Cookie use on MRCVSonline
We use cookies to ensure that we give you the best experience on our website. If you continue without changing your settings, we will assume that you are happy to receive all cookies.
If you would like to forward this story on to a friend, simply fill in the form below and click send.

Your friend's email:
Your email:
Your name:
 
 
Send Cancel

Goats to help prevent wildfires in Nevada City
Prescriptive grazing can cost $500-$1,000 per acre and around 200 goats can knock down an acre a day.
City council seeking goats to graze greenbelt

Nevada City council is seeking funds to get a cohort of goats to graze over 450 acres of greenbelt, in a bid to reduce the risk of wildfires.

A GoFundMe page has already garnered over $20,000 out of the $30,000 target.

Goats will graze on bushes, trees and manzanita, while sheep graze on grass.

The move comes after unprecedented fires in California, particularly Paradise. However, time is of the essence, as local ranchers have already rented out their goats and sheep for the spring, summer and autumn, so the project must be carried out this winter.

Prescriptive grazing can cost $500-$1,000 per acre and around 200 goats can knock down an acre a day. The council is prioritising where the risk is at its highest.

Become a member or log in to add this story to your CPD history

Huge spike in ‘designer’ dogs going into rescue

News Story 1
 The RSPCA has reported a huge spike in the number of ‘designer’ dogs arriving into its care.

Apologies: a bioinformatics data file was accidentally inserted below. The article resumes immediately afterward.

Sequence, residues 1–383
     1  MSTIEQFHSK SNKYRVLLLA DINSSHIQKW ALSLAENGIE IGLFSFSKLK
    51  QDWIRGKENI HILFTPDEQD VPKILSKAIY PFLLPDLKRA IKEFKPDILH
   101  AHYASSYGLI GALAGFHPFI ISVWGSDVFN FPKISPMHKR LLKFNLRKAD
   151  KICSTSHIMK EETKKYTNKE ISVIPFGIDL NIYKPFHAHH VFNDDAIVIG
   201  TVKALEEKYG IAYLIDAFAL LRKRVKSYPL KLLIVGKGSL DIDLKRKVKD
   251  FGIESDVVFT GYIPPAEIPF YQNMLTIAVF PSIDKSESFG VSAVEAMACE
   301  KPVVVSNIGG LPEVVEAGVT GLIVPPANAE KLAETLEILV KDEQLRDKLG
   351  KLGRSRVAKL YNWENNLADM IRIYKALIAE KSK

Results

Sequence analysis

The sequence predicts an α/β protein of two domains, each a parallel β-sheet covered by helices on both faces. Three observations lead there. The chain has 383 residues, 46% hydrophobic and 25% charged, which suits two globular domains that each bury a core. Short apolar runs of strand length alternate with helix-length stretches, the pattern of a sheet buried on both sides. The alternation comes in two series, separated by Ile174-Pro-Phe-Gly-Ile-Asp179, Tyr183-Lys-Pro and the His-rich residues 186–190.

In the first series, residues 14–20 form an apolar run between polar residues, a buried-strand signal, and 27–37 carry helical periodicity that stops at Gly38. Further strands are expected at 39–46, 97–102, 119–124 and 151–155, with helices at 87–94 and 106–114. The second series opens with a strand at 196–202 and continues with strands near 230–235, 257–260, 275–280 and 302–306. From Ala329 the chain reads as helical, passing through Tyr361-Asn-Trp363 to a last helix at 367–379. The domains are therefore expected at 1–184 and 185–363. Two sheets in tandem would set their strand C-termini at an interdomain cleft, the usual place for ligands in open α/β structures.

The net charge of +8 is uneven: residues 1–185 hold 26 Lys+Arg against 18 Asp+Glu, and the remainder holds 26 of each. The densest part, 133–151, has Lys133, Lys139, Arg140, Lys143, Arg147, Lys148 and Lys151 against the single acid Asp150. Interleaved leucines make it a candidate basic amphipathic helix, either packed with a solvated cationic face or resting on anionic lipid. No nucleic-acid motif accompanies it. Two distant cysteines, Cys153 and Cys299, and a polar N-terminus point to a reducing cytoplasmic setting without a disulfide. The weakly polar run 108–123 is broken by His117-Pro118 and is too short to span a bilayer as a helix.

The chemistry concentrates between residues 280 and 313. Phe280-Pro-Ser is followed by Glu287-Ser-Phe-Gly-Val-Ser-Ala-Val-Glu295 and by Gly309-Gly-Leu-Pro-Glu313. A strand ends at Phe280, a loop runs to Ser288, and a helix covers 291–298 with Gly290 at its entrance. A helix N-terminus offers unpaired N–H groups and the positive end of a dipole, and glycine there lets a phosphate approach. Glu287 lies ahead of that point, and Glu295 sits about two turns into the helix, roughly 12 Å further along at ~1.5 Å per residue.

Figures published by the charity show there has been a 517 per cent increase in the number of French bulldogs arriving into its kennels. During that time, the charity has also seen an increase in dachshunds, chihuahuas, and crossbreeds.

RSPCA dog welfare expert Lisa Hens said: “We know that the breeds of dog coming into our care often reflect the trends in dog ownership in the wider world and, at the moment, it doesn’t get more trendy than ‘designer’ dogs like French bulldogs and Dachshunds."

 

Click here for more...
News Shorts
Withdrawal period increased for Closamectin pour-on

The withdrawal period for Closamectin pour-on solution for cattle has been increased from 28 days to 58 for meat and offal.

Closamectin treats roundworms, late immature to adult fluke (from seven weeks), mange mites and lice.

Norbrook Laboratories Ltd said the change would take effect immediately. Customers are being offered practical support to inform end users.

The change meets industry requirements to reduce the amount of residue going into food and the environment. It has been approved by the Veterinary Medicines Directorate and an updated summary of product characteristics will be available on the website.